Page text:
Three billion people are now online thanks to information and communication technology growth across the world, yet rural divides still remain, according to a new report.
Figures from the Measuring the Information Society report from the International Telecommunication Union (ITU) show that internet use grew at a rate of 6.6 percent globally in 2014.
The figure falls to 3.3 percent in developed countries, indicating how well internet access has penetrated the richer nations.
Conversely, the rate of growth in developing countries rises to 8.7 percent, demonstrating how internet access is gathering pace in areas that have previously lacked sufficient infrastructure.
The report noted that 4.3 billion people still lack internet access, 90 percent of them in developing countries.
Some 2.5 billion of these people live in 42 of the least connected countries, where access to the internet and related communication technology remains out of reach.
"Rural access is growing much more slowly than urban access, and connecting rural households to broadband internet should remain a key priority for policy-makers in every country," said the report.
This lack of internet access is related mostly to poorer nations with large rural populations that struggle to address the gulf between urban internet access and the lack of it in rural areas.
There are some exceptions to this trend, including Japan and the Republic of Korea, where the internet access divide between the countryside and cities is as low as four percent.
Mobile broadband is helping to overcome some of the problems relating to a lack of cabled broadband infrastructure.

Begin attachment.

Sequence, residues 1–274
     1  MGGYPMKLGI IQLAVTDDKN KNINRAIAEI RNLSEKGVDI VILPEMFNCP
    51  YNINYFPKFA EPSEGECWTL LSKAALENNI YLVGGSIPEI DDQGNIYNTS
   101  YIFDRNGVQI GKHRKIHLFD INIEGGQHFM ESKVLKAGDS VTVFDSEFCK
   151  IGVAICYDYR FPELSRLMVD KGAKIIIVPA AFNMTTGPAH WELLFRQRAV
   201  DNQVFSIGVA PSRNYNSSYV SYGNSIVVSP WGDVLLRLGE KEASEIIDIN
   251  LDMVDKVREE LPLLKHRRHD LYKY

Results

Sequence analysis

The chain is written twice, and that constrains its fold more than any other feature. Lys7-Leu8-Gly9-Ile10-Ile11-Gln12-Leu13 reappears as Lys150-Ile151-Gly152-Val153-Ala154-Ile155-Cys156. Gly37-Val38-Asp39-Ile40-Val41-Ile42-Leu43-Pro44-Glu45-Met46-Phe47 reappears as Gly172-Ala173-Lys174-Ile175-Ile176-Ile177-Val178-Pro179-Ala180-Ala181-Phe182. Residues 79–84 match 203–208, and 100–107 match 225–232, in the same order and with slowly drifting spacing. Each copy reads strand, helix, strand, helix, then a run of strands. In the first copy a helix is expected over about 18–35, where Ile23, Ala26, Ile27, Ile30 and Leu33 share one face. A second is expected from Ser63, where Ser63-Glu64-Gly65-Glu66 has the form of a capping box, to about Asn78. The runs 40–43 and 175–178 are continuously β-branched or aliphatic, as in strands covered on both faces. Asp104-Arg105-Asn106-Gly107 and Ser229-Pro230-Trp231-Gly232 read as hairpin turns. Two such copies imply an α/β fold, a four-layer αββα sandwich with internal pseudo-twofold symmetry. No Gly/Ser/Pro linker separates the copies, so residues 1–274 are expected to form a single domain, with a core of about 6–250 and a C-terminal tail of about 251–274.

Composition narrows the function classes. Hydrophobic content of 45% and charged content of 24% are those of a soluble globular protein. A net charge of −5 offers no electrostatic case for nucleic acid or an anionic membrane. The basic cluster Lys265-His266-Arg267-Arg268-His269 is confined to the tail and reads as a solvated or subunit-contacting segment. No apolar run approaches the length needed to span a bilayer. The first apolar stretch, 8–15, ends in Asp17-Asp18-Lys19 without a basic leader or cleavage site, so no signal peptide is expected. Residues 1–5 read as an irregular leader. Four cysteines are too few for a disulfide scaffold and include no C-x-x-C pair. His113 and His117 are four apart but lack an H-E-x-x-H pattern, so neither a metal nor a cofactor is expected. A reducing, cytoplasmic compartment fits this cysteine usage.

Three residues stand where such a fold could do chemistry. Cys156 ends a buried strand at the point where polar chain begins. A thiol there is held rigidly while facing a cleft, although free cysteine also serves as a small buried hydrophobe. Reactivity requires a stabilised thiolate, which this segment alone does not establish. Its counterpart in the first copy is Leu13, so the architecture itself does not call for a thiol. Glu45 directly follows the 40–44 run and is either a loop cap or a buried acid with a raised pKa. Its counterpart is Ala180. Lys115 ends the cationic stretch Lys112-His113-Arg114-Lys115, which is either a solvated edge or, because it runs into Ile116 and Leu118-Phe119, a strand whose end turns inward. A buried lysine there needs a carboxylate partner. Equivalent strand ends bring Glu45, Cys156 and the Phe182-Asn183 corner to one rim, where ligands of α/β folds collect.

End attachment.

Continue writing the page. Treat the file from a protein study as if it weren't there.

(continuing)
The report estimates that mobile penetration will hit 32 percent by the end of 2014, with Africa driving growth at a rate of 40 percent for the year.
The report also predicts that nearly 44 percent of households globally will have access to the internet by the end of 2014, up from 30 percent in 2010.
As expected, 78 percent of households in the developed world have internet access compared with 31 percent in developing nations. Only five percent of homes have internet access in the 48 least developed countries identified by the UN.
Denmark was recognised as a top performer in internet development and access, closely followed by the Republic of Korea.
The ITU did not identify the weakest performers, but did indicate that United Arab Emirates, Fiji, Cape Verde, Thailand and Oman have shown the most improvement when it comes to internet development.
The ITU noted that internet access in schools has made significant progress over the past 10 years in developed and developing nations, although access levels vary widely across nations and individual regions.
The report identified several drivers of internet growth. Broadband prices dropped by 70 percent globally between 2008 and 2013, while entry-level broadband speeds rose from 256Kbps to 1Mbps.
Another factor is the increasing volume of content on the internet, and the prevalence of social media networks that help to drive its dissemination, particularly as more people are able to create and share content across the web.
Growth of internet access across the globe is generally positive, according to the report, but the ITU highlighted some areas that are lacking.
The potential for public buildings such as libraries and post offices and public internet access points has not been fully exploited, the ITU said, pointing out that only 10 percent of post offices offer public internet access.
Some rural areas in the UK remain underserved by internet service providers, prompting the government to allocate £225m to rural broadband projects.
Cotton seedling freezes to death as Chang'e-4 shuts down for the Moon's 14-day lunar night
Fortnite easily out-earns PUBG, Assassin's Creed Odyssey and Red Dead Redemption 2 in 2018
Meteor showers as a service will be visible for about 100 kilometres in all directions
Saturn's rings only formed in the past 100 million years, suggests analysis of Cassini space probe data
New findings contradict conventional belief that Saturn's rings were formed along with the planet about 4.5 billion years ago